It’s just past 6 o’clock. The evening one. The sun is blazing. And I’m in Finchley.
This is weird. I haven’t been in Finchley at 6 o’clock in a good long time.
I’m not sure I even remember what this place looks like in daylight anymore.
Did I get the time wrong? Have I, perhaps, left work two hours too early today? I check my phone.
Nope. But I do have a message from Helen.
“I’m just walking from the station!”
“Me too.” I reply. “I’m next to the Barclays.” I pause. Barclays maybe isn’t quite the landmark I think it is for people who don’t actually live in Finchley. “Opposite Tesco,” I add.
There’s no missing the Tesco. It is honestly the single best thing about living in Finchley, that Tesco. It’s a nice one. Big enough that it has everything you could possibly need (from my favourite Sriracha, to a decent Kosher section for all my Bamba and halva needs) and yet not so big that you walk out of there staggering under fifty kilo bags of jasmine rice and an equestrian fly rug.
But I haven’t dragged Helen all the way to the end of the Northern Line to shop in the big Tesco. Oh, no. We have something far more exciting planned.
We’re going to the theatre.
My local one.
For once I’m going to be the one to stroll home post-theatre in time for an early night, curled up under my duvet and happy in the knowledge that Helen is still on a train somewhere.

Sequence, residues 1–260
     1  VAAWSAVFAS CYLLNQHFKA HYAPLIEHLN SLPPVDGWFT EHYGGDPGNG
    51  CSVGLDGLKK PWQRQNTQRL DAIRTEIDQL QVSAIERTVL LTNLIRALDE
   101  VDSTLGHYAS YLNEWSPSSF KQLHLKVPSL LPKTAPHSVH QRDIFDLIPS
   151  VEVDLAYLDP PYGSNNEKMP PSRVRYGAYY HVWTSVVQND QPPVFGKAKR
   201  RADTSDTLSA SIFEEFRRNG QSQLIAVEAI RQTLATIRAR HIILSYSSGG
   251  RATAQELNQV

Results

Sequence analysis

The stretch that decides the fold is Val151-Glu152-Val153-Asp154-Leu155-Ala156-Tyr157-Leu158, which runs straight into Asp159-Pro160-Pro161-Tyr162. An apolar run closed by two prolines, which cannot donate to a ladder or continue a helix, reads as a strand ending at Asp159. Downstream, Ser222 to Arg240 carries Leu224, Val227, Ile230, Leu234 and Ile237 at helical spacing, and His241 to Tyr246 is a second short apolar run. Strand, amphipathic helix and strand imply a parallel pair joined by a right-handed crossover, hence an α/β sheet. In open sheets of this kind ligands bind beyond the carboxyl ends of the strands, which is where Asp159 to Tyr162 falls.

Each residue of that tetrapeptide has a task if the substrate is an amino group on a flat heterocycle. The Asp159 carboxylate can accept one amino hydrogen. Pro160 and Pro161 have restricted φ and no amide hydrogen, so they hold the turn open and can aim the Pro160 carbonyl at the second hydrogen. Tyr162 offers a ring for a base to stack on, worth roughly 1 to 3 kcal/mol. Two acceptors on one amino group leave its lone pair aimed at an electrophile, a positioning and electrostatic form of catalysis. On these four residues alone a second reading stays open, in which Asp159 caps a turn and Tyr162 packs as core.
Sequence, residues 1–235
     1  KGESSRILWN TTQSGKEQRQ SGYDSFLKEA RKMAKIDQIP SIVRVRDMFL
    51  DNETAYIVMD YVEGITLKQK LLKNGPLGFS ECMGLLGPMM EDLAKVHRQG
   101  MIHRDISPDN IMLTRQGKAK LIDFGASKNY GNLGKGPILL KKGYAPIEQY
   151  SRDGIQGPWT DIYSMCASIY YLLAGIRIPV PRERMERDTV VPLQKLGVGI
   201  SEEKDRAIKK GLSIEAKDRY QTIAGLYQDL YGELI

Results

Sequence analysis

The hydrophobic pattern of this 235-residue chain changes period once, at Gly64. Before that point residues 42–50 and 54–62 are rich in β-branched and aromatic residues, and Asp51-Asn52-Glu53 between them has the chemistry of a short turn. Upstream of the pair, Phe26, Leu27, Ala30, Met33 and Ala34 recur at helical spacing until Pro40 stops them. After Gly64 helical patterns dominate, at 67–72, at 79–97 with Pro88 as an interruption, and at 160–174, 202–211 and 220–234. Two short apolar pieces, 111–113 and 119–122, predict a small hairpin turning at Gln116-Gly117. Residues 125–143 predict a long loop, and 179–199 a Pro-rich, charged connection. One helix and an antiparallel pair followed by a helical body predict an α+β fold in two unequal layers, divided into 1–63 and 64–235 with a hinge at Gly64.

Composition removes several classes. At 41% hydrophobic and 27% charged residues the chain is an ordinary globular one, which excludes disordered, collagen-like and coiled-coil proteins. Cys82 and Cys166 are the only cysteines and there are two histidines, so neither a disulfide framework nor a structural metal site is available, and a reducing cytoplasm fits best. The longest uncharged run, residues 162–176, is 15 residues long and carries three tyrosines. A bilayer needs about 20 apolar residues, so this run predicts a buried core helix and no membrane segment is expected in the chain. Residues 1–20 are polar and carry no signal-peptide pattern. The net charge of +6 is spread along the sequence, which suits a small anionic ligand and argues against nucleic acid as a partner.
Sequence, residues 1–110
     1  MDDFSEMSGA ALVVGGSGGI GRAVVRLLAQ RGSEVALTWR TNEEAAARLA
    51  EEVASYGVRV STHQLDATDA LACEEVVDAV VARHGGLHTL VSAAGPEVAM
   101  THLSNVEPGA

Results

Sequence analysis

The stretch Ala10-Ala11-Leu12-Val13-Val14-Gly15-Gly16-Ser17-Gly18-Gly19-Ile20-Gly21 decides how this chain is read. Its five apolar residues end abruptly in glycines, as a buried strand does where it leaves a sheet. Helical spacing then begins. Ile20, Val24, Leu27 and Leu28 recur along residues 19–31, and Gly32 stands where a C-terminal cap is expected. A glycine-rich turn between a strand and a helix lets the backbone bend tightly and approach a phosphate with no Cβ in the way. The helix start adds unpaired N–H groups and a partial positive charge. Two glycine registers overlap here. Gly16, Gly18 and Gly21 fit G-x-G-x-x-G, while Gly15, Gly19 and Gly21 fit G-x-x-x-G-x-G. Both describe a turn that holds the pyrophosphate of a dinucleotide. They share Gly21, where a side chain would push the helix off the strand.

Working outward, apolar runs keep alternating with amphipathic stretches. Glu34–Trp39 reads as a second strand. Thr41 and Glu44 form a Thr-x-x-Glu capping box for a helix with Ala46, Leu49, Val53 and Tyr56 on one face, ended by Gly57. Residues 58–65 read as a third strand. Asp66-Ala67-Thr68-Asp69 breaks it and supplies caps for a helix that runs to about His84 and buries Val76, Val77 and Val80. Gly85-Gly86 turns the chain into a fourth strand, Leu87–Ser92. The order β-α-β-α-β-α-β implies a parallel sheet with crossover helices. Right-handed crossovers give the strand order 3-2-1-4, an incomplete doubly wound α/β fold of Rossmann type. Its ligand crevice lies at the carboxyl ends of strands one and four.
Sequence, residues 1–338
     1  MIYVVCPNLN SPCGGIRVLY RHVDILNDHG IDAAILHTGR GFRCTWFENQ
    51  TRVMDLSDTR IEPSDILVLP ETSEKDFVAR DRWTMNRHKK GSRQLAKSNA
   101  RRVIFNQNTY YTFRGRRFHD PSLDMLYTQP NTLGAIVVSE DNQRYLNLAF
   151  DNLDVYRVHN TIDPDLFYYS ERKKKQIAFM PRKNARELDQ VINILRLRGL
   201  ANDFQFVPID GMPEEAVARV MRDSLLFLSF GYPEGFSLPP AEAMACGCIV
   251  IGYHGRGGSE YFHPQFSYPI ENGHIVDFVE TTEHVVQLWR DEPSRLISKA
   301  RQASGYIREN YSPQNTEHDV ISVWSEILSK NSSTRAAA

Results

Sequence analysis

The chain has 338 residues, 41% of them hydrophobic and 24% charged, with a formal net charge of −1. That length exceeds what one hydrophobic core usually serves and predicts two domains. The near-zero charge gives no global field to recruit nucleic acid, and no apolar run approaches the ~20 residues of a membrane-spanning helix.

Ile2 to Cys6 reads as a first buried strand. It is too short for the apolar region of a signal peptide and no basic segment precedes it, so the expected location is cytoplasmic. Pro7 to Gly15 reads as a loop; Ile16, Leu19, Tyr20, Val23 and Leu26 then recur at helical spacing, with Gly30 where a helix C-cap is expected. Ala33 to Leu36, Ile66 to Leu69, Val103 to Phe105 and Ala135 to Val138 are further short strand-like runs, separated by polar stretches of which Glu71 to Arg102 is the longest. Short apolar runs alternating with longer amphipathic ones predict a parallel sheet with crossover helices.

I’m really quite excited.
“Oh okay I see a Tesco”
And I see Helen. Waving at me and standing out from the Finchley locals like a Bengal tiger in a pet shop. With her huge, circular, mirrored sunglasses, she looks like some sort of exotic bug. I doubt Finchley has seen the likes of Helen before. And I’m not sure they’re quite ready for her yet.
“I brought cupcakes!” I say, holding up the pink and maroon Hummingbird bakery bag. Its Helen’s birthday tomorrow, and we’re celebrating in style. Theatre and cake. A classic combo.
“This way,” I say, taking the lead.
It’s not often that I get the opportunity to walk someone around my home-town. It’s rather fun.
We’re not going to the theatre quite yet. We have to stop to make first.
Just to make sure that Helen gets the full Finchley experience, we’re going to meet a neighbour of mine. Someone who has made an uncredited appearance on the blog before, but now it’s time that you meet properly: it’s David. Arts writer extraordinaire, master of prose, tamer of choreographers, and most importantly, a Finchley native.
“Oh. My. God,” I say as Helen and I make our way into David’s kitchen and see the table laden down with plate after plate of food. There’s an asparagus and pastry thingy. A bean salad thingy. A beetroot and cucumbery doodad. And olives and almonds and bread and… I am suddenly the hungriest person in the world, because let me tell you, David can fucking cook, and this all looks proper amazing. He’s even used herbs from his own garden, which is just plain showing off if you ask me.
I would take a photo. I really want to take a photo. It’s all so damn pretty. But it feels like it’s probably wrong to take a snapshot of someone else’s cooking. So I don’t. Sorry. You’ll just have to take my word for the deliciousness of the spread.
The sun is still shining, so we take it all outside.
“I haven’t read Orlando,” says Helen, casually, as the subject of the show we’re seeing comes up.
“I’m sorry, what the hell?” How on earth has Helen managed to get through life without reading Orlando?
“Of course!” Twice actually. But I don’t like to brag.
“How do you have time to write your blog, work full-time, go to the theatre every night, and still read all the books you do?”
Oh, Helen. Such a flatterer. But it’s true. I am a miracle.
Not that Helen’s a slacker. She’s currently finishing off a masters as is about to embark on a PhD.